Joint statement from Kevin Barron MP, John Healey MP & Sarah Champion MP

Reacting to this afternoon’s judgement in which UKIP have been found liable to contribute towards the legal costs in the three MPs’ successful defamation case against Jane Collins MEP, they said:

 

“This judgement confirms UKIP used the unfounded allegations by Jane Collins for political advantage. At the highest level UKIP knew Jane Collins’ case was ‘hopeless’ but blocked any settlement in our favour before the 2015 General Election because they believed it would win them votes. This deliberate strategy delayed the full vindication we finally won, and hugely increased the legal costs.”

 

“This means UKIP will rightly pay a substantial share of the legal bill. Their actions behind the scenes forced the costs to soar and compounded the damage from Jane Collins’ unfounded allegations.”

 

Estimates suggest UKIP will have to pay at least £200 000 of the total legal bill which stood at £660 000, before this hearing. The final figure will be determined by a judge through a detailed assessment of costs.

 

This hearing and judgement concerns legal costs only; it has no connection to the judgement ordering Jane Collins to pay damages to each of the three MPs, which remains outstanding.

 

Notes

 

Extracts from the judgement by Justice Warby, 15 February 2018:

 

83. (5) The critical period starts with the conference with Counsel on 16 January 2015. I find that Counsel was clear at that time that there was no tenable defence and the advisable course of action was an offer of amends.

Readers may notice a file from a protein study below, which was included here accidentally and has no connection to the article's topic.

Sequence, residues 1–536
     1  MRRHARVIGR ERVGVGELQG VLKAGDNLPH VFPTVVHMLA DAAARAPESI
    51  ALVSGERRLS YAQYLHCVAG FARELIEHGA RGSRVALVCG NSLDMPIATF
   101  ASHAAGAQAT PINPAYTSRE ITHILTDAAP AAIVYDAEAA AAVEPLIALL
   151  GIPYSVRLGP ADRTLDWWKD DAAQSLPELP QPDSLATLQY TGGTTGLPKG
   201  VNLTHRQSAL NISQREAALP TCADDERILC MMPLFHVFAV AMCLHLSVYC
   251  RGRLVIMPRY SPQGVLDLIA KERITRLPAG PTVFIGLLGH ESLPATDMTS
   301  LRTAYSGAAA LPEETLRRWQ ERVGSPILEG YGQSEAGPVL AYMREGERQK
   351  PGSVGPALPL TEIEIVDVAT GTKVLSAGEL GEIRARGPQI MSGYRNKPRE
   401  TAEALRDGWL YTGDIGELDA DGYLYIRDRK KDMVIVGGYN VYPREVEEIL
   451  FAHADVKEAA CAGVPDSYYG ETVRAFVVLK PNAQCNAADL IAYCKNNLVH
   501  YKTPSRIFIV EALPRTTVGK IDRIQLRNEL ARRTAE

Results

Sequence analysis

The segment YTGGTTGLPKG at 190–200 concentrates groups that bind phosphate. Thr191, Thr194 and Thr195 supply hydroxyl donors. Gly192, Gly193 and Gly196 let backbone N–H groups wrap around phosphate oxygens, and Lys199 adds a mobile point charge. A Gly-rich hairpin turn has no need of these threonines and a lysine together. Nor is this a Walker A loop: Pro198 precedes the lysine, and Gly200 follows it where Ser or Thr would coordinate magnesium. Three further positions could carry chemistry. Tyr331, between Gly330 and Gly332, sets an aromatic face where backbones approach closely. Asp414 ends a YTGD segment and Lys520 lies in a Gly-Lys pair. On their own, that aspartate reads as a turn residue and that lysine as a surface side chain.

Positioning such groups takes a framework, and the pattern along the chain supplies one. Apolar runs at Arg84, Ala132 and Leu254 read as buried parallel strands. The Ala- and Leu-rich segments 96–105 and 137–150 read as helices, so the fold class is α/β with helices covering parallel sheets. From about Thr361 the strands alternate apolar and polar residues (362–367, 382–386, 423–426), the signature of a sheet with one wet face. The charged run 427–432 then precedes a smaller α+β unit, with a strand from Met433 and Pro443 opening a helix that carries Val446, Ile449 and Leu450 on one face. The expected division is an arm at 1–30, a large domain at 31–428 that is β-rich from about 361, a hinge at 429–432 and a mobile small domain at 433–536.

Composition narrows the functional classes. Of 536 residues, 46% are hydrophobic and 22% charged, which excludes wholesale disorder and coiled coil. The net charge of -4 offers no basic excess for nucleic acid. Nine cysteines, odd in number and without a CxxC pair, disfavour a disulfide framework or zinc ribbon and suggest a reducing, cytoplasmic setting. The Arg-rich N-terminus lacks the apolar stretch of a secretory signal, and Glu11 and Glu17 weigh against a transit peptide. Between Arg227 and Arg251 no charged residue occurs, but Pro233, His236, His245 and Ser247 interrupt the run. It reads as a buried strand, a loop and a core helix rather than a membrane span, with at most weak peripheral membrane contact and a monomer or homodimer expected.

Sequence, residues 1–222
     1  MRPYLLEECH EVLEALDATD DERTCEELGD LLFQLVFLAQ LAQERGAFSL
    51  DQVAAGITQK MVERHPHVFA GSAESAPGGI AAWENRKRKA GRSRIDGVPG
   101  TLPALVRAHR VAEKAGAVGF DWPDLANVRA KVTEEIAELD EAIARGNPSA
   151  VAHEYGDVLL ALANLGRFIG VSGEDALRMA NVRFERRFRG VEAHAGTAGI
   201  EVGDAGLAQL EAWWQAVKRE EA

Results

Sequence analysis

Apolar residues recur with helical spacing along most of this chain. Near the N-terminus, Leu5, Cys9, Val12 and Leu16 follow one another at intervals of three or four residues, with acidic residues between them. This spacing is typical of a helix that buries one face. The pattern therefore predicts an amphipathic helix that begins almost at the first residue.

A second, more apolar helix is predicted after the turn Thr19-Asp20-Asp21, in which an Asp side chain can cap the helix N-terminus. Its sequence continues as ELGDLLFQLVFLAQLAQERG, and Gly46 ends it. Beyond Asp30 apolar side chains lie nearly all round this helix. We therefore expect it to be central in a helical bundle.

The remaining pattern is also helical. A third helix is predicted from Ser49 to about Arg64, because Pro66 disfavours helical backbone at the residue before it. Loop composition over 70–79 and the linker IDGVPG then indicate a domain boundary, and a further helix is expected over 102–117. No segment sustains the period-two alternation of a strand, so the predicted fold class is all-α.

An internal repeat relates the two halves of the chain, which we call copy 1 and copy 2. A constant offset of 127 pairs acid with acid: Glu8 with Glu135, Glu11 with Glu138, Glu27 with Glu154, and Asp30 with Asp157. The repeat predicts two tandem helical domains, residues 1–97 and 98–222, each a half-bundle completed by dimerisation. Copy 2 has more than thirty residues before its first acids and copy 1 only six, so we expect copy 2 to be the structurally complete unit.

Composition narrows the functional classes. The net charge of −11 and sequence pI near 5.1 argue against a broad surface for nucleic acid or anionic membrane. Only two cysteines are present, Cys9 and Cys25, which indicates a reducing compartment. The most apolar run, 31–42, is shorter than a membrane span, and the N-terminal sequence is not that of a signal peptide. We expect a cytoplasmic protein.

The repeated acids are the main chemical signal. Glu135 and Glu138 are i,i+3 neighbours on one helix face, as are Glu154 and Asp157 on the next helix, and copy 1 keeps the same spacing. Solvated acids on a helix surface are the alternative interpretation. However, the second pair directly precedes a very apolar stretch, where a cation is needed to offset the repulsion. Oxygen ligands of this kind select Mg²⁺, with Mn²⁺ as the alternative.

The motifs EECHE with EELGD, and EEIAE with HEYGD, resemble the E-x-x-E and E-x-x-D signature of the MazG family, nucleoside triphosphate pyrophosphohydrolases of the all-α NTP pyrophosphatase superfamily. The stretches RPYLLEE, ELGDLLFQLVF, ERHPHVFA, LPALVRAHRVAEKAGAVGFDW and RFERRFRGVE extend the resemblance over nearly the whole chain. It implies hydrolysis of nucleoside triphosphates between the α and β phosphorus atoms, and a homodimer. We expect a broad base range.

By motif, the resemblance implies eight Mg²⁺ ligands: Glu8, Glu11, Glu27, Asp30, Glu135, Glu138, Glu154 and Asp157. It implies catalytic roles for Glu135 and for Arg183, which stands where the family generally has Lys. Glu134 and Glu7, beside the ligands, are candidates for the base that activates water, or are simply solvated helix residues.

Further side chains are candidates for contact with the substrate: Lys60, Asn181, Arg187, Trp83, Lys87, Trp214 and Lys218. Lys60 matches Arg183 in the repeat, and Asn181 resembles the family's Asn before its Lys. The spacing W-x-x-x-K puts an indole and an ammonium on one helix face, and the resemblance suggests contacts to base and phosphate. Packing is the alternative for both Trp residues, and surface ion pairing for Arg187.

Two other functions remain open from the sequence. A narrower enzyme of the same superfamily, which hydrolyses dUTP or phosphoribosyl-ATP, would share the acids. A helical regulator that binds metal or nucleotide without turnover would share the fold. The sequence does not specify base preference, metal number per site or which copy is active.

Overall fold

(7) Things change significantly with the NEC’s decision(s) of late February and/or early March 2015. In that period the Party took a deliberate, informed and calculated decision, for reasons of party political advantage, to ensure that the case was not settled before the General Election. … The decision to delay meant that by this time the costs had escalated to a point that made settlement unaffordable for the Party (or so it decided) … Further costs that could have been avoided were therefore incurred after that, to no useful purpose, until late June 2015 when Ms Collins was left to her own devices.

 

84. Whatever happened on 28 February and 2 March 2015, it is sufficiently clear that, by the second of those two dates, a decision had been taken at a high level within UKIP that the action should be settled, but not until after the election. The only credible motives for such a decision are political. The minutes of the NEC meeting of 10 March 2015 serve to double-underline this point. They unquestionably represent corporate decision-making. The decision-makers knew that Ms Collins’ cause was hopeless, and that settlement was the only realistic option, but decided to delay that step. They did so knowing this would in all probability make settlement more difficult and more expensive, having reckoned that this risk was outweighed by the prospects of political gain (or avoiding political damage). This was a process of calculation in which extra votes were expressly weighed in the balance against the certainty of additional costs, and the risk that these might be unaffordable.

 

88. UKIP … took key decision(s) of late February and early March 2015. It was not, at that time, a “pure” funder. It sought to and did control the course of the action, for its own Party purposes.

 

90. I have concluded that a limited costs order … should be made against UKIP, to reflect the impact on the action and its costs of the Party’s deliberate and calculated decision(s) of late February and early March 2015, to ensure for Party political and specifically electoral reasons that the claimants’ action should not be settled before the General Election.

Alexander Guest